February 2014

Maryland exchangeWhile the failures of the federal government’s healthcare website are now legion, individual state exchanges have also had some problems and one of the biggest failures is in Maryland.

Maryland’s exchange was supposed to be a model for then nation, with outgoing Gov. Martin O’Malley (D) hoping to use it as an example of what he accomplished as part of his springboard to a potential 2016 presidential run.  O’Malley was so confident that nothing would go wrong, that he even appointed his Lt. Gov Anthony Brown to oversee the rollout in an effort to assist Brown who hopes to succeed O’Malley as governor in November.

But all has not gone well.  The exchange has been been plagued by numerous problems and a panicked O’Malley has even convinced the Democratically controlled legislature to pass emergency legislation to provide insurance for those that weren’t able to obtain coverage by January 1.  This is expected to cost the state between $5 million to $10 million and is seen by Republican legislators as both a sign of the exchange’s failure as well as an unnecessary expense.

I know these problems are real and heard from a friend of mine yesterday who was very frustrated with her experience in obtaining a new policy.

Here is what she wrote to me;

Yes, I’m one of those who had a great health plan..not through work..our premium was 1203 a month..we were told we could keep it for 2014 ONLY..at 1595 a month..whoa !! same plan ?!? ..sooo I went to md health connection…which was a 6 week endeavor…applied, enrolled in a plan…started calling CareFirst 1/3/14 to find out what was next…between the two i have over 100 hours worth of hold time…even took days off work to get this done..was told there was a glitch in getting my paperwork..then was told they were given the wrong amount..yet, they still telling me i had to pay for January …ummm..January is over…and now February is half way through…last thing i heard they had the wrong amount, also, showing no monthly credit…still waiting…i even faxed them screen shots of the my pages from md health connection website..still nothing..no change..no insurance..its infuriating !!! I’ve been trying to pay for my plan since 1/3/14…its more than scary not having coverage..i did everything the way i was “told” to do it..everything on my end done correctly..yet, I’m stuck..no one to call, no one to get answers from…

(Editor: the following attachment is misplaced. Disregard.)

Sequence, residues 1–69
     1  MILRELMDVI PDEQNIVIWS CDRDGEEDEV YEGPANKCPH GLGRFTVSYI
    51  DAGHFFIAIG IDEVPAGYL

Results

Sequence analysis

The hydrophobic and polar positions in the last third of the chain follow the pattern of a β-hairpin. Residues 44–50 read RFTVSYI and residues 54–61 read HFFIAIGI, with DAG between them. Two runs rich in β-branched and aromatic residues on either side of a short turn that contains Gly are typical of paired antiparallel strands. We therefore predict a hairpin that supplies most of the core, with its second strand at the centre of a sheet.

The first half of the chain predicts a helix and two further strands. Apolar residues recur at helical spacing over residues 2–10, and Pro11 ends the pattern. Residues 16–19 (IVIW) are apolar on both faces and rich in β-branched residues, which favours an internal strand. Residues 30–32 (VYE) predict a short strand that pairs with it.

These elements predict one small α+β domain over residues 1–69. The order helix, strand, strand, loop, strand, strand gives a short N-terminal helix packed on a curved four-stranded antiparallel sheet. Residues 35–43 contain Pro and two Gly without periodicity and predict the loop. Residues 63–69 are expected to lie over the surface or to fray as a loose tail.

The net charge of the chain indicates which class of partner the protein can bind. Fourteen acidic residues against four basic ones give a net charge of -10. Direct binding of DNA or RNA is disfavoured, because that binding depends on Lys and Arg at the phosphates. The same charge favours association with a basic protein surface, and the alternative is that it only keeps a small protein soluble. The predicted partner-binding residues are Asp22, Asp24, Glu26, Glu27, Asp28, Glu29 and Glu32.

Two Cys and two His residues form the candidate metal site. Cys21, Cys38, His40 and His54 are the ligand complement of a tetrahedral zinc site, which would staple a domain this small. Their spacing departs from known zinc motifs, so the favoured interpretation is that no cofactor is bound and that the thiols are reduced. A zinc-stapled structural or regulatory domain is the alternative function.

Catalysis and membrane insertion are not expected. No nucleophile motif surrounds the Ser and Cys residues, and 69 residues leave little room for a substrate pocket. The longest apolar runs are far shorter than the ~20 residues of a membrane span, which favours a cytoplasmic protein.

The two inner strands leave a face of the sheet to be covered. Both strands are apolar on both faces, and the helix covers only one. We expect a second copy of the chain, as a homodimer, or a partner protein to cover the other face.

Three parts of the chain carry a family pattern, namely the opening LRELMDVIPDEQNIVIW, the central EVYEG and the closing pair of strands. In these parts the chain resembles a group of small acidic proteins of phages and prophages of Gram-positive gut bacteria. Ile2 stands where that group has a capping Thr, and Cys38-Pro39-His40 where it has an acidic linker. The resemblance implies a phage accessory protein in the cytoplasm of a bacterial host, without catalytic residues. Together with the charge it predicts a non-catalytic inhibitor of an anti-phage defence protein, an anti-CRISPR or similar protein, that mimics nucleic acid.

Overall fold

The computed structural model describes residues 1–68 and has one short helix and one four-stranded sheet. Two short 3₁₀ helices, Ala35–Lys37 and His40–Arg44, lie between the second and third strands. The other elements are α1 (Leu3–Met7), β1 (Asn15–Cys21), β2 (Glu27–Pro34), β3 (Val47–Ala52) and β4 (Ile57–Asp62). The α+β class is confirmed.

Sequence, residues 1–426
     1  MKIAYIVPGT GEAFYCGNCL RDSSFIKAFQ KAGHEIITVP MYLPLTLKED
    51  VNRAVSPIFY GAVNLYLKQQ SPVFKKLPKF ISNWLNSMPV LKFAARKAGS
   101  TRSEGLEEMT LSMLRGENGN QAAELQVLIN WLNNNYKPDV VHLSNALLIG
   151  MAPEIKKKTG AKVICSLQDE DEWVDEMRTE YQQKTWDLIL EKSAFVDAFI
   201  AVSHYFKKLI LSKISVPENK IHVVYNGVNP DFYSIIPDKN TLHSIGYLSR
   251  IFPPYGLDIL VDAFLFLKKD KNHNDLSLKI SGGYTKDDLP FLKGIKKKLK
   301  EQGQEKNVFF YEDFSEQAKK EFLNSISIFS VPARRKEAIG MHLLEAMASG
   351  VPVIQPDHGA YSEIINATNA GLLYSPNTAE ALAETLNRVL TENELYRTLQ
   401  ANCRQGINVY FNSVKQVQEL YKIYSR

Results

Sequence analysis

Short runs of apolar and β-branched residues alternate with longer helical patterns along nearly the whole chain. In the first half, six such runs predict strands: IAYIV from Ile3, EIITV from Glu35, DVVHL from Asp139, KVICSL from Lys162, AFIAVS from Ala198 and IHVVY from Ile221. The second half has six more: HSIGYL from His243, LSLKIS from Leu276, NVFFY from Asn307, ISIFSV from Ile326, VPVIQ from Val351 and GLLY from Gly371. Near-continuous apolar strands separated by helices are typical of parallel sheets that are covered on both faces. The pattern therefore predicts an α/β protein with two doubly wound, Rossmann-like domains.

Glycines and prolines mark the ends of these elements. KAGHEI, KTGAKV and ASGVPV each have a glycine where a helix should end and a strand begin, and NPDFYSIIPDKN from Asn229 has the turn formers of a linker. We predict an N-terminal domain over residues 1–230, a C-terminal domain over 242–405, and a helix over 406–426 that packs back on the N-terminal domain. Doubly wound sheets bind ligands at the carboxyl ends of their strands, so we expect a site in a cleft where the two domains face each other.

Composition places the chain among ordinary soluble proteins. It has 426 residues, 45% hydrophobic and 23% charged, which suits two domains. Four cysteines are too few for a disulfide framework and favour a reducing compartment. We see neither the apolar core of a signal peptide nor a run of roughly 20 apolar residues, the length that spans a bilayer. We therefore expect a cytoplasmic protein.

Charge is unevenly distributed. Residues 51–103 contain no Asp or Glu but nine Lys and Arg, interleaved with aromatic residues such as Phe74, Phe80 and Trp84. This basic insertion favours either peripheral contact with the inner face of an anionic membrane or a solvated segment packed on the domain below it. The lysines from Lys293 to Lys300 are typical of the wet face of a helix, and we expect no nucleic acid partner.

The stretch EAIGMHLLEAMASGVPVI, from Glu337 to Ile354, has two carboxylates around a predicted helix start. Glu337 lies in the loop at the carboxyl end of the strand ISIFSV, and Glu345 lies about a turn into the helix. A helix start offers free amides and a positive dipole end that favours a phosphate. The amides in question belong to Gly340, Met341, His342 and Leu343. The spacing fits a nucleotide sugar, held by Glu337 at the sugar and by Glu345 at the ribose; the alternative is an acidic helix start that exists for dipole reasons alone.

She was perfectly happy with her old plan, but couldn’t stomach a 32.5% increase in the premium for the same plan.  An increase that wasn’t uncommon for CareFirst policy  holders, and a direct result of the implementation of Obamacare.  She then went to the Maryland exchange seeking the affordable insurance that President Obama promised only to wind up in a maze of bureaucracy and without insurance.

This type of foul up has marred the O’Malley administration and provided fodder for Brown’s main Democratic challenger Doug Gansler who has been hitting Brown over the failures of the exchange, but has also been forced to walk a tight line so that he doesn’t give the Republicans the edge they desperately need in what has been a one-party state for decades.

My friend isn’t the only victim of Obamacare but could easily serve as a poster child for the failures of the program.


With Martin O’Malley finishing up his second and final term in office Maryland voters will now face the choice of choosing a new governor giving Republicans a chance of reclaiming the governor’s mansion they lost 8 years ago.

But it won’t be easy in a state where registered Democrats outnumber Republicans by more than 2-1 statewide as well as a distinct fundraising disadvantage.

Up until last week the Republicans had a choice among three good, but weak candidates, Harford County Executive David Craig, Del. Ron George and former congressional candidate Charles Lollar.

While they are all good men, they all suffer from having a small base of support  and aren’t very well known across the state among voters, including Republicans.